Yesterday I got a message from a friend who lives out in Tumwater out by the airport. They told me that a couple days ago an employee of the Port of Olympia came to their door with a courtesy notice that they’d be clearing brush in a field that the Port owns behind their house. My friend noticed them out their window yesterday morning and something odd struck them about it. The workers were wearing bright jumpsuits. They went out to get a closer look and sure enough, the jumpsuits were emblazoned with DOC – short for Department of Corrections – these were prison laborers.
My friend, being braver than I would have been, actually approached the guard and chatted him up. The guard told them that the prisoners were from Cedar Creek Correctional Facility and that they “work with the Port of Olympia all the time.” Meaning the Port of Olympia, as a standard practice, contracts for prison labor.
If you know nothing about prison labor today, let me tell you clearly that it is the remains of slavery in modern society. As plantations were disbanded, work camps were instituted throughout the south and new laws were created to make it easier to incarcerate black people and force them to work off their crimes, sometimes sentenced for decades for modest infractions. Modern day private prisons have a direct lineage to these early chattel-slavery work camps. This isn’t a conspiracy theory, it’s not hyperbole, it’s plain fact.
I spoke with Commissioner EJ Zita on the phone and she seemed very concerned, and very much in the dark about this business practice of our port. I then emailed her, which she sent a long to Executive Director Ed Galligan and Airport Director Rudy Rudolph. It’s been about 24 hours since then and I’ve heard no response yet.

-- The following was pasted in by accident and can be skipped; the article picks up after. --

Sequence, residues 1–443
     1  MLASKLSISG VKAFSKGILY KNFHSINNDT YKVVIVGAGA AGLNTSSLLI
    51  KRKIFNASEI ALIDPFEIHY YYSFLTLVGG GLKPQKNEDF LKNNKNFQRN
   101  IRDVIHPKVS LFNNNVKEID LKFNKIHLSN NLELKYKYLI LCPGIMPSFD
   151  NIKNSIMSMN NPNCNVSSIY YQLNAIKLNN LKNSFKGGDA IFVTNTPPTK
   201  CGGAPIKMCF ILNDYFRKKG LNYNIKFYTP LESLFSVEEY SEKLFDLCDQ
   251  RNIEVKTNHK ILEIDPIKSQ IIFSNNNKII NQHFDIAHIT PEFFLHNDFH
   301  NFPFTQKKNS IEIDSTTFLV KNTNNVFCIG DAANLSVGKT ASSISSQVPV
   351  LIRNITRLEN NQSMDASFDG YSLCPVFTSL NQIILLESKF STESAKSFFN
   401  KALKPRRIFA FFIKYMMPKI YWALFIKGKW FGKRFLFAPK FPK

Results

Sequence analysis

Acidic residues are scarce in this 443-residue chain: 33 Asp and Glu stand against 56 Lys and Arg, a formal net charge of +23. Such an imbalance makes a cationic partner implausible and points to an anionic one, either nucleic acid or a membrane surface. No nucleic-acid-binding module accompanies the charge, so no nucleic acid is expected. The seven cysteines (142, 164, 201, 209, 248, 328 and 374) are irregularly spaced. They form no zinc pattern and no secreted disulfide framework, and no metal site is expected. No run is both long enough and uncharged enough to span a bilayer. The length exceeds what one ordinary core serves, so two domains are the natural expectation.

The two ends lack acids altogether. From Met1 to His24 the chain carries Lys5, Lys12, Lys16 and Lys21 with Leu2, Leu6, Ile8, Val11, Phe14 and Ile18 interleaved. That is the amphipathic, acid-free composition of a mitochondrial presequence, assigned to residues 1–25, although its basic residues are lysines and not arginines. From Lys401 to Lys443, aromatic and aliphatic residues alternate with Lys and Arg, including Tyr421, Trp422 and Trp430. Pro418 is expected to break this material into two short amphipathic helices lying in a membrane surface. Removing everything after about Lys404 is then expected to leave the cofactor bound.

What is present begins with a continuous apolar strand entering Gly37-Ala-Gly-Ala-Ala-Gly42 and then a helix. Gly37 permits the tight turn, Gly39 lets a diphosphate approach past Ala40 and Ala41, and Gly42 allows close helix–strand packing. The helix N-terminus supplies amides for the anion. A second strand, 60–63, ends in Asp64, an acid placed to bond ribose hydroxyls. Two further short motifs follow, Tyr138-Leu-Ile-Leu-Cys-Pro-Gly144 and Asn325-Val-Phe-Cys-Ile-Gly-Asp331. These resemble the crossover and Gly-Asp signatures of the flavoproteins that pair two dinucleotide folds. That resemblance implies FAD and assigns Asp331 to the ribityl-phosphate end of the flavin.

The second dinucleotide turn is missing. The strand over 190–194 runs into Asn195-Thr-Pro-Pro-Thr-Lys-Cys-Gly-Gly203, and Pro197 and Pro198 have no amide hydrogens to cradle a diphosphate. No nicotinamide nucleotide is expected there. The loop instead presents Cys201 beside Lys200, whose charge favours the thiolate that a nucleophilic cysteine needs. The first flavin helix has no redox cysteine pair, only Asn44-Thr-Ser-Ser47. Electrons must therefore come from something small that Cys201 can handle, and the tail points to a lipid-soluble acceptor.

We’re in the middle of a campaign season that could change our port dramatically. 2 out of 3 seats are up for grabs. That means we can take the majority and make some real changes and that can include banning this practice. I hope that people will make this a campaign issue, and speak up about it at Port of Olympia Commission meetings. I also hope our cities will consider passing ordinances banning private prison labor from being used within their city limits. I’m sending an email to them right now, I hope you will too.
Read this Seattle Times article if you want to learn more about the shady private prison labor program in Washington State – the fourth largest in the US, raking in $70 million in product sales alone while still costing you and me $20 million a year in tax money.